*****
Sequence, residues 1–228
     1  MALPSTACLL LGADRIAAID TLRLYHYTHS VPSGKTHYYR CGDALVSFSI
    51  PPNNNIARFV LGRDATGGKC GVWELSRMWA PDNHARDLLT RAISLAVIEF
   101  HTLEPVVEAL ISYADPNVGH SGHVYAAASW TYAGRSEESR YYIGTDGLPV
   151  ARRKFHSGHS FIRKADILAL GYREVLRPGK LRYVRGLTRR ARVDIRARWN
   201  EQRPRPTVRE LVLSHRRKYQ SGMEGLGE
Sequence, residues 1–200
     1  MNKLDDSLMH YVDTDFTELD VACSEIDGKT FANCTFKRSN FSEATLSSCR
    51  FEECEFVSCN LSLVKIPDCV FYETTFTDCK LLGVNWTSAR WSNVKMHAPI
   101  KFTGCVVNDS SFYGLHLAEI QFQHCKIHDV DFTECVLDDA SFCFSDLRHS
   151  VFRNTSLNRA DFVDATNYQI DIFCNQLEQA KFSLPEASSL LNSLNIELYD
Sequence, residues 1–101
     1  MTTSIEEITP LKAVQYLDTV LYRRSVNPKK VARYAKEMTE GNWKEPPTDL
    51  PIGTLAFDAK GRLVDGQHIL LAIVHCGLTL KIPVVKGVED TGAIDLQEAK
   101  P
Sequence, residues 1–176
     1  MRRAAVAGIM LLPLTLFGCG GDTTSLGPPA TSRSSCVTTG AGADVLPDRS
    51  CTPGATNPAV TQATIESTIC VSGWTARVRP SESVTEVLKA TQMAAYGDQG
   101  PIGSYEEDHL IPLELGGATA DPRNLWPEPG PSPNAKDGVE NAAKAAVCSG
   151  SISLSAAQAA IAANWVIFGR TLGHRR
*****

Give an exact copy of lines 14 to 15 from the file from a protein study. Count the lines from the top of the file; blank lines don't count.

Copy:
    51  PIGTLAFDAK GRLVDGQHIL LAIVHCGLTL KIPVVKGVED TGAIDLQEAK
   101  P